Quadrifons arch rhino explained

Three years after my random encounter with a very life-like rhinocerous in front of the Arch of Janus, Rome’s only surviving quadrifons arch, I can now explain its presence. It was both promotional and symbolic. Dubbed the Rhinoceros at Saepta, the resin white rhinoceros was an art installation by Raffaele Curi announcing the opening of the restored Palazzo Rhinoceros, an early 20th century building housing the new art gallery of the Fondazione Alda Fendi – Esperimenti on the ground floor and a boutique hotel in the storeys above it. The rhino symbolized the ethos of The Fondazione, its Gallery and the refurbished Palazzo.

Space is always interconnected to the outdoor space, based on the principle that inspires the Philosophy of the Rhinoceros and the Fondazione Alda Fendi – Esperimenti: the perpetual juxtaposition between ancient and modern, between art indoors and outdoors, the spaces where it operates in a fruitful synergy of contaminations and interferences.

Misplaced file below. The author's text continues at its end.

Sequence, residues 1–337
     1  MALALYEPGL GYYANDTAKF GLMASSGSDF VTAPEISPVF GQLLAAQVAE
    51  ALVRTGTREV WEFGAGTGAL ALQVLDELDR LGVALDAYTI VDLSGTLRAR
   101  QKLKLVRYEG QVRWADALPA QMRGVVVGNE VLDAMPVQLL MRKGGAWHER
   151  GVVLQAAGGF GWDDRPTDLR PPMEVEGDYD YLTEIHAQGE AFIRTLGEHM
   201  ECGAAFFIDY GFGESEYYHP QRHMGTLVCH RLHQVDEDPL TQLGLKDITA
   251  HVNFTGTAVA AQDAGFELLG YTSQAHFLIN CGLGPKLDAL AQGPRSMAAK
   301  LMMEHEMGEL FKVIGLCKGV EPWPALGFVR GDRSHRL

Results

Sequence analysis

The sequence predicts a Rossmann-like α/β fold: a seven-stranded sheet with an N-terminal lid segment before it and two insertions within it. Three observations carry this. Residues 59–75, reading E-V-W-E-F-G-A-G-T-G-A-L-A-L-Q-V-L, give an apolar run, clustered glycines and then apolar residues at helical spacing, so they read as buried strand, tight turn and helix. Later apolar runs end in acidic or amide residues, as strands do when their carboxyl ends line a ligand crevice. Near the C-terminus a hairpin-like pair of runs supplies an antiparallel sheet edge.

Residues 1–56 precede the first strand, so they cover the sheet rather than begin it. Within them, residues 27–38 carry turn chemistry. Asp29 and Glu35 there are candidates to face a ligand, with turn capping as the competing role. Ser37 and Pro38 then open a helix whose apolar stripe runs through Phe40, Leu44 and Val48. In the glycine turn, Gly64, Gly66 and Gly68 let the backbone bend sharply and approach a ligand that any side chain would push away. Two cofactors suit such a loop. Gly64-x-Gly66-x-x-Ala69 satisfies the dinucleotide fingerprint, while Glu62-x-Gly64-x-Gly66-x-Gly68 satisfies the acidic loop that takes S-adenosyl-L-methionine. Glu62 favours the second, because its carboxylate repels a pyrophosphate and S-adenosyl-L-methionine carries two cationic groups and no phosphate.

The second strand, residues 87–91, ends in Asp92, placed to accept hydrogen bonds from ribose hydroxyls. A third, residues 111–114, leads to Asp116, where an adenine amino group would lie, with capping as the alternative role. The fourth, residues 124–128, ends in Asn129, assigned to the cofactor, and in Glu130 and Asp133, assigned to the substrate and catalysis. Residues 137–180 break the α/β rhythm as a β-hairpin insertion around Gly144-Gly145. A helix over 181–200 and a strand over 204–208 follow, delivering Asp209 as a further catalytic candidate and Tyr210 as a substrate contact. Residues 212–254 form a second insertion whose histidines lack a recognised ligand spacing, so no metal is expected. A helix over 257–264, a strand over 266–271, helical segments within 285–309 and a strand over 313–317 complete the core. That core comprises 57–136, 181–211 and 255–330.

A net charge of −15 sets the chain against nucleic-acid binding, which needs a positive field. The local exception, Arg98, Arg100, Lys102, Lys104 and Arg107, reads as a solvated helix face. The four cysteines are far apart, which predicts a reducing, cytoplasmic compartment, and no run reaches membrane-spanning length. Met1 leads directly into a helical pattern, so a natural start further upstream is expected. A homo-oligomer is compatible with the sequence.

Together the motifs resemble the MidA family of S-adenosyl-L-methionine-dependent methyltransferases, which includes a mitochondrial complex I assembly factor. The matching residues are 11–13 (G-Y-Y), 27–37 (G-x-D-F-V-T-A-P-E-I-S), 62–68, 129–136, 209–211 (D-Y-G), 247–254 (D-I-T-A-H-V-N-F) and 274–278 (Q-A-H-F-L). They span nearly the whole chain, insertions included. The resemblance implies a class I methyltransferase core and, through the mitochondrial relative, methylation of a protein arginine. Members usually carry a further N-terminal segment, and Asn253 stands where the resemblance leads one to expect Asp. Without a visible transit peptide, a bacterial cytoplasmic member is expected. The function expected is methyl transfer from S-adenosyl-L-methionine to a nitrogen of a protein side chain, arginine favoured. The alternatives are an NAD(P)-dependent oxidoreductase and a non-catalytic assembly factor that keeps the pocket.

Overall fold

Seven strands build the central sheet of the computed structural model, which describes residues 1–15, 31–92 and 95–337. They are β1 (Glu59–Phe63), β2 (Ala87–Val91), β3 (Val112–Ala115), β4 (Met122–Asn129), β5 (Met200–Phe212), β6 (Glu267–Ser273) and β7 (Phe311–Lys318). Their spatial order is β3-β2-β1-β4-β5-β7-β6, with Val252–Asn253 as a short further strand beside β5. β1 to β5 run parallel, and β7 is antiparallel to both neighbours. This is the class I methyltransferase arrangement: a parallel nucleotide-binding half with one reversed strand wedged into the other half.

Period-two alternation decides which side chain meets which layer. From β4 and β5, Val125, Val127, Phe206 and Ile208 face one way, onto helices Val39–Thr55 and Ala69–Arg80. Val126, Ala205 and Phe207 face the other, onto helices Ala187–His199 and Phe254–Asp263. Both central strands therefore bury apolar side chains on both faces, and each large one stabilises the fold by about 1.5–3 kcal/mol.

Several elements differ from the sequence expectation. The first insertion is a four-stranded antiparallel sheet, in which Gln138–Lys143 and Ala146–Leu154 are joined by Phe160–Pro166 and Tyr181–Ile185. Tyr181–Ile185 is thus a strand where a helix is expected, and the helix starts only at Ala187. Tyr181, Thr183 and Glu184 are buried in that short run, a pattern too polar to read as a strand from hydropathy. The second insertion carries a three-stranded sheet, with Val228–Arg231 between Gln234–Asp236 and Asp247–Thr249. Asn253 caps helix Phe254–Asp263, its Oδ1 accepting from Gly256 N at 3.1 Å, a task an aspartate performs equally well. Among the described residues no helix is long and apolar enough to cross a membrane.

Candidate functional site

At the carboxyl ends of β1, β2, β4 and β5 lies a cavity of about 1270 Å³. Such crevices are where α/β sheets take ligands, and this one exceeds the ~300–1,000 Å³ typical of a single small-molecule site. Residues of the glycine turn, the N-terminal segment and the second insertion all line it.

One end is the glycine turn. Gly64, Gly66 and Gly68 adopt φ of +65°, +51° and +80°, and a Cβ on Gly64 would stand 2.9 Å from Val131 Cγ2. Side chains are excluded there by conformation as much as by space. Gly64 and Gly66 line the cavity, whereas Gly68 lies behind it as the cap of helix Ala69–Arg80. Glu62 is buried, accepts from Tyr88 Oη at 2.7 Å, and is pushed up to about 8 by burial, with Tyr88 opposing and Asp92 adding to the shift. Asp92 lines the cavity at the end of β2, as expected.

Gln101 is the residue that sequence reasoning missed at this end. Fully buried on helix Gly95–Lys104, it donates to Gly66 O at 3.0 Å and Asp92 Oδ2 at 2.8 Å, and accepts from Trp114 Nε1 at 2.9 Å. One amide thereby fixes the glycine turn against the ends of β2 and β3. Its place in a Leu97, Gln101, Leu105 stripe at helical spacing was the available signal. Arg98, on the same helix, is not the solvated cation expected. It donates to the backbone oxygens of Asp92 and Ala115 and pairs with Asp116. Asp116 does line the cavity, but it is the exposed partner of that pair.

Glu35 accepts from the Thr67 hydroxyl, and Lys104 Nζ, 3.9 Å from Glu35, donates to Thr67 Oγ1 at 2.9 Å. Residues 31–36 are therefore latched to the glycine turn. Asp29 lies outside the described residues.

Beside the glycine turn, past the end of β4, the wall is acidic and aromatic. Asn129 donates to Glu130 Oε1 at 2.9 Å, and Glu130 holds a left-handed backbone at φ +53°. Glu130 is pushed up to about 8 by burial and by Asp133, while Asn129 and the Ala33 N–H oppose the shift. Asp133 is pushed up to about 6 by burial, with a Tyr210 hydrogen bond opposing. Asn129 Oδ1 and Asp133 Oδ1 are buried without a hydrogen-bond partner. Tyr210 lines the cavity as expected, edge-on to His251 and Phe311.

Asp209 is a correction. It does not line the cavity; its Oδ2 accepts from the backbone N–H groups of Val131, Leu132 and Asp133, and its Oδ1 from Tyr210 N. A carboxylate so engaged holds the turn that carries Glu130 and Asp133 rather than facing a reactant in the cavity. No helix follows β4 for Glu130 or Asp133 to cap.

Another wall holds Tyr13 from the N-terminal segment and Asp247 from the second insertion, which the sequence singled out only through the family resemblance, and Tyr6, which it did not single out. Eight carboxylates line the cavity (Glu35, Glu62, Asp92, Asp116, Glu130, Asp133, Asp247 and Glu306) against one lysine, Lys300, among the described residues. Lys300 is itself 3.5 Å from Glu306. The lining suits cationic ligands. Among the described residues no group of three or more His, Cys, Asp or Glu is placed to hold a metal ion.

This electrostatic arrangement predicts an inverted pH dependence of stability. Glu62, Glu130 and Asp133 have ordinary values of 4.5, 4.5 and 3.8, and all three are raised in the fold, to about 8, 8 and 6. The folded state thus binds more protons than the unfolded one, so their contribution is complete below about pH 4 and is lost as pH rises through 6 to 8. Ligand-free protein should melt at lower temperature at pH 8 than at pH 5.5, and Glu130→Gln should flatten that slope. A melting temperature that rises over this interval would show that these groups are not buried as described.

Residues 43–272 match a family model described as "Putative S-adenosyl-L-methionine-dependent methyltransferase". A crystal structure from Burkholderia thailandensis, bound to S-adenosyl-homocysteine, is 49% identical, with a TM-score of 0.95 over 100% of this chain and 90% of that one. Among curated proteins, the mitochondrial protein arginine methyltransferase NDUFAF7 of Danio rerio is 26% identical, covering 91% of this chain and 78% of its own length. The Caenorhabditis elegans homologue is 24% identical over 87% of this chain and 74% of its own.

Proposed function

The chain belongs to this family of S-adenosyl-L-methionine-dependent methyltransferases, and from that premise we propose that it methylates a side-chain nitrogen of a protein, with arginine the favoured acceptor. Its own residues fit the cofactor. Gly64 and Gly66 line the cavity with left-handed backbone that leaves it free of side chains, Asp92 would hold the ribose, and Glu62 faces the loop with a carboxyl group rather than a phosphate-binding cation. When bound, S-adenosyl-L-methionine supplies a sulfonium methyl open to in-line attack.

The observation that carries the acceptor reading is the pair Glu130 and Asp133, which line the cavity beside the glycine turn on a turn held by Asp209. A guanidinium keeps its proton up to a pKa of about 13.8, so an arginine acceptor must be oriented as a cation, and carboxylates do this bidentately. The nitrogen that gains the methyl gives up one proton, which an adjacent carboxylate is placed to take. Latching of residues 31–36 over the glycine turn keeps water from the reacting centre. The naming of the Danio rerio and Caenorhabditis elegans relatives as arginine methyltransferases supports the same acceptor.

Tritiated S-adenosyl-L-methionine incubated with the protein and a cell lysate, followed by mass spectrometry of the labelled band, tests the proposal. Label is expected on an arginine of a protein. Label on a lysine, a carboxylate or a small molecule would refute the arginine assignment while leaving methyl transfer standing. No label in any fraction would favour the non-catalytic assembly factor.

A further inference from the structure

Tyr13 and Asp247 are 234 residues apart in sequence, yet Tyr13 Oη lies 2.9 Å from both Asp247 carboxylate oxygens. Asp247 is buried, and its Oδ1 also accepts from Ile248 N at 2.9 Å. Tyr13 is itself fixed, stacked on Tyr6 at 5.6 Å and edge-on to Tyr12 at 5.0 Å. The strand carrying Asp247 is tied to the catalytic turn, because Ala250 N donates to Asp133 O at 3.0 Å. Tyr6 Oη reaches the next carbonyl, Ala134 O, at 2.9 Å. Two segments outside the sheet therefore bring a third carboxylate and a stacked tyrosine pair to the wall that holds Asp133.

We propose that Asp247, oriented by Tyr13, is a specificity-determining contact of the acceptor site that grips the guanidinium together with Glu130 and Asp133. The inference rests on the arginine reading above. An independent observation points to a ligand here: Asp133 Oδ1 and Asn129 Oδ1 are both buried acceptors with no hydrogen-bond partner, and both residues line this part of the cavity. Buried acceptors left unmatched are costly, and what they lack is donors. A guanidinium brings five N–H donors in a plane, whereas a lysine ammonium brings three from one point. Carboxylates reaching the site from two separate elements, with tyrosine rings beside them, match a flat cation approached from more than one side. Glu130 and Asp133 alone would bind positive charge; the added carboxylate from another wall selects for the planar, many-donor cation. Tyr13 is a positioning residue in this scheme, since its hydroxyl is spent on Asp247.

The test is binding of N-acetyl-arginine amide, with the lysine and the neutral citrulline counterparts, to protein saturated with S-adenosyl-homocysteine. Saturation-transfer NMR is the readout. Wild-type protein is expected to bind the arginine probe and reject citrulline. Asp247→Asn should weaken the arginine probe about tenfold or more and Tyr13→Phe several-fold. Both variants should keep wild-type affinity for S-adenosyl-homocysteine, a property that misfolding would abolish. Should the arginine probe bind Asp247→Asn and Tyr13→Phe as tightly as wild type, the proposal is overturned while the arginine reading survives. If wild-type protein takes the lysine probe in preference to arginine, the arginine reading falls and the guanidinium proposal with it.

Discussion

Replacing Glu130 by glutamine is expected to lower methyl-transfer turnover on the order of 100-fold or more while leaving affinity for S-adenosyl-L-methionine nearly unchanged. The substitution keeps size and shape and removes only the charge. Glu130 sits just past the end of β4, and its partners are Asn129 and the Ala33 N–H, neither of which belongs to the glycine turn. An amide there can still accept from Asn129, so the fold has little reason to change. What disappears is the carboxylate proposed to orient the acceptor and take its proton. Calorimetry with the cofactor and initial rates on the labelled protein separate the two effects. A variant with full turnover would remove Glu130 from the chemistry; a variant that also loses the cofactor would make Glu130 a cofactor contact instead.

And thus the rhinoceros mystery is solved just in time to celebrate the reopening of the Arch of Janus to the public 28 years after it was fenced off when a car bomb exploded at the neighboring church of S. Giorgio in Velabro. The reopening of the arch was funded by the Fondazione Alda Fendi and the opening ceremony featured a performance staged by rhinoceros author Raffaele Curi. As of November 13th, the Arch can be visited by the public every Saturday from 10AM to 2PM and come next March, on Sundays from 4PM to 8PM, which will be extra cool because of the arch’s new lighting scheme. Admission is free.